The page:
Creative Commons is not just about the tools we create — the heart and soul of what we do lies in the incredible work that you, our community, are able to inspire and produce with the help of those tools.

Learn more about the call for videos.

On the donation side of things CC is now offering a hosted open ID account for any of the network donation level, which start as low as $25 for students. The open ID account comes with a good Privacy Policy which includes a human readable summary of the main points:

Creative Commons has established a Data Usage Policy as part of its Privacy Policy that covers how CC uses information about persons who use our Websites and when they log into a website using a Creative Commons Open ID. Among other things:

  • No Linking: CC does not link information from our OpenID server logs to the personal information you submitted to us to establish an OpenID (or otherwise).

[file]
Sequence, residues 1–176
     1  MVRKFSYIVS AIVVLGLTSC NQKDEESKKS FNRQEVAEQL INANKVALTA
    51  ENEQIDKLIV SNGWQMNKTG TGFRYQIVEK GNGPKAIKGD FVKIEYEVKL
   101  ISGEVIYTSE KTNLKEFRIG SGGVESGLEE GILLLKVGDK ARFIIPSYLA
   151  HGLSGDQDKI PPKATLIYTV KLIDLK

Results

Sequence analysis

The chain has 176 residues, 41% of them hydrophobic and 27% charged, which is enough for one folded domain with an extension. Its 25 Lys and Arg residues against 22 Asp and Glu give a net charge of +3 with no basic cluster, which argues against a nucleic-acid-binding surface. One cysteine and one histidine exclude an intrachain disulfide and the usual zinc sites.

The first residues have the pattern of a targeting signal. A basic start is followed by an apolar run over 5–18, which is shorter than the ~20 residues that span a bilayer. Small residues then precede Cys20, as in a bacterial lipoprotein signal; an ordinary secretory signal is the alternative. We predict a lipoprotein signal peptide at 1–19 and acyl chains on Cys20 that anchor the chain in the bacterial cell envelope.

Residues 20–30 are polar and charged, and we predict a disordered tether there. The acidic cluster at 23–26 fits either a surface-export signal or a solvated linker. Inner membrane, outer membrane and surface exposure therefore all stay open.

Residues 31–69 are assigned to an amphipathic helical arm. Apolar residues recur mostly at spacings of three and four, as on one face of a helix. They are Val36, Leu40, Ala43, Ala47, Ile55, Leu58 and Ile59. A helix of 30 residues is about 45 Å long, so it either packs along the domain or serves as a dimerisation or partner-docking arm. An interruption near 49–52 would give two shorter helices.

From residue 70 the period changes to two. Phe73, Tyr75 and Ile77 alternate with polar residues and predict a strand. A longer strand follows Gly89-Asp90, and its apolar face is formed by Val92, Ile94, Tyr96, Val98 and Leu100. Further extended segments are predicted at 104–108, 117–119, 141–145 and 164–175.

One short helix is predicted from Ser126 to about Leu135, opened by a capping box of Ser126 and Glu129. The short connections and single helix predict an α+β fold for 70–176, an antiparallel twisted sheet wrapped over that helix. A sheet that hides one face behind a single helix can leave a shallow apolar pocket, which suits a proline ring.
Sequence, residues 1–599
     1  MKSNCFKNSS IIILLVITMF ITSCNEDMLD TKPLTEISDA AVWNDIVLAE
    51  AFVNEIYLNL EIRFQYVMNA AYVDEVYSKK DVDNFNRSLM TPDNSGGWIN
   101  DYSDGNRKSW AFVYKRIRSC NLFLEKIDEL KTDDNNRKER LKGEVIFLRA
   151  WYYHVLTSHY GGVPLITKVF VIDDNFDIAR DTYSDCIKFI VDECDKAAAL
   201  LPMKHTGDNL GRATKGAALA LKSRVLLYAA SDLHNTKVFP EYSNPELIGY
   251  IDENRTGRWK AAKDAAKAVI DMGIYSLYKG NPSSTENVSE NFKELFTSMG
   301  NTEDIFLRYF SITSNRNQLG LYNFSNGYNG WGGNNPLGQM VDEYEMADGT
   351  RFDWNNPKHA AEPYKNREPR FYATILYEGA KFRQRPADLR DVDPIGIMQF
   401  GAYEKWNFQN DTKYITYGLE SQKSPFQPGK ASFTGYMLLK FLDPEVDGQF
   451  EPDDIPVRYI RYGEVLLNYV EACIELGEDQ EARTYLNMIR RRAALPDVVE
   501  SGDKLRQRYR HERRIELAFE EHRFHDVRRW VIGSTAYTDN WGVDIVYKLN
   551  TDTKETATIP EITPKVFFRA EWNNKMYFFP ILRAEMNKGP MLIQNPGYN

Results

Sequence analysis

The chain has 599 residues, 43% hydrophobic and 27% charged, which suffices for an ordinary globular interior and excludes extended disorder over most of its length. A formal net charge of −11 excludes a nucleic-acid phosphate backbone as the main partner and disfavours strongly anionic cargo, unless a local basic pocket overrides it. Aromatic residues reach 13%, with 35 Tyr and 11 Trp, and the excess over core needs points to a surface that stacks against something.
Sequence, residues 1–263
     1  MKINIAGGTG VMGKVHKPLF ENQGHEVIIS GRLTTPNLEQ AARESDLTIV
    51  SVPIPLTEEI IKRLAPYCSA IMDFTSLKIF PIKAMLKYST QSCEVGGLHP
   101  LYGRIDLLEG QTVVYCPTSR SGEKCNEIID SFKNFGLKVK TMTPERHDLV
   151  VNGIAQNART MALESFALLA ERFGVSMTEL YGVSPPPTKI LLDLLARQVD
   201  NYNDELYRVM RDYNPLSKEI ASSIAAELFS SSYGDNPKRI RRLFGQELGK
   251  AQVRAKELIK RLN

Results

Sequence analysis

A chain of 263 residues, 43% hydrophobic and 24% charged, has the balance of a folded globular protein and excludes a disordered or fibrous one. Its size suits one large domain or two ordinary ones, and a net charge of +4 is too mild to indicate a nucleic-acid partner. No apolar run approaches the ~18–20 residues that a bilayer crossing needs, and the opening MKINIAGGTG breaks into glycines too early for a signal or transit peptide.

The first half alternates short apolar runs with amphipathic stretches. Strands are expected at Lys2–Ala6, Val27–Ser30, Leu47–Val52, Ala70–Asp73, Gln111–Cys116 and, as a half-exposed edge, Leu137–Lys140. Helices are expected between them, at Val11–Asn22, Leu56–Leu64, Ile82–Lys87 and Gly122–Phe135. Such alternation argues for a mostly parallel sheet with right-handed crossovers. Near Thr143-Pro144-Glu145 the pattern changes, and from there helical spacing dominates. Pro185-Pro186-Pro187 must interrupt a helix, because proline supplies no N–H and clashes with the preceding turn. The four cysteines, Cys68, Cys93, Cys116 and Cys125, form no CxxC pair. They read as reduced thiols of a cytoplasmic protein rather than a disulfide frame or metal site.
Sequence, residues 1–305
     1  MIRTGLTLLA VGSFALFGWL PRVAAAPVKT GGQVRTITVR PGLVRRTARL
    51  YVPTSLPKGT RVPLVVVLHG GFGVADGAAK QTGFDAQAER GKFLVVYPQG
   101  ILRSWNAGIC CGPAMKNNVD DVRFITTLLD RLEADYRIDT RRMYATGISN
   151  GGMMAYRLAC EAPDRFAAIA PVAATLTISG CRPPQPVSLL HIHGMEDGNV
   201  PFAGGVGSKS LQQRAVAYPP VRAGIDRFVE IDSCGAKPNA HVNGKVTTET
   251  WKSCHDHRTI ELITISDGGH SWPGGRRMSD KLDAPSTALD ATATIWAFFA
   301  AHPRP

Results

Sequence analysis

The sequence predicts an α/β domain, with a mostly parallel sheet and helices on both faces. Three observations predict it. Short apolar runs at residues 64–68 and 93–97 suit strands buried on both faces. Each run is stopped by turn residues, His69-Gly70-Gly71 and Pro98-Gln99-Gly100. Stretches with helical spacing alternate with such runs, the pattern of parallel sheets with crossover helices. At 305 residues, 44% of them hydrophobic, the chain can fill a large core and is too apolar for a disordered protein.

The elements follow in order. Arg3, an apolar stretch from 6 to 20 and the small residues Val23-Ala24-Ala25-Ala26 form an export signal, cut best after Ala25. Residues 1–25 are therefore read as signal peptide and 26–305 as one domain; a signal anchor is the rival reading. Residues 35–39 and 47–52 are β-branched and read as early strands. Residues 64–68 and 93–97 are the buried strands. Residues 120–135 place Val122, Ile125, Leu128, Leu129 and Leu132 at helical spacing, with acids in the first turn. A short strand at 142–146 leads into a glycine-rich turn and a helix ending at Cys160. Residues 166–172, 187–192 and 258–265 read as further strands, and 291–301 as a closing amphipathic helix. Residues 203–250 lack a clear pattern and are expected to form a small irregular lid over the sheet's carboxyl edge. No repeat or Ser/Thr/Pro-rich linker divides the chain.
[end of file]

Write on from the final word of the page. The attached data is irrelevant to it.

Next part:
• No Sharing, Selling or Third Party Analytics: Except in the unique situations listed in the CC Network Privacy Policy, Creative Commons does not voluntarily provide information about your OpenID usage to third parties. In addition, we will never use a third party analytics provider to collect or analyze any information through our operation as an OpenID service provider.
  • No Access: Just as any OpenID provider could, CC is able to technically access your website account tied to our services and login on behalf of its OpenID users. Creative Commons will never do so.
  • No Retention: Creative Commons discards non personal information from our OpenID server logs once we have used the information to improve our websites and OpenID services, and for system administration purposes (such as debugging).
  • Notice: CC will use reasonable means to notify you if we are ever required to provide a third party with your non personal information, unless prohibited by law.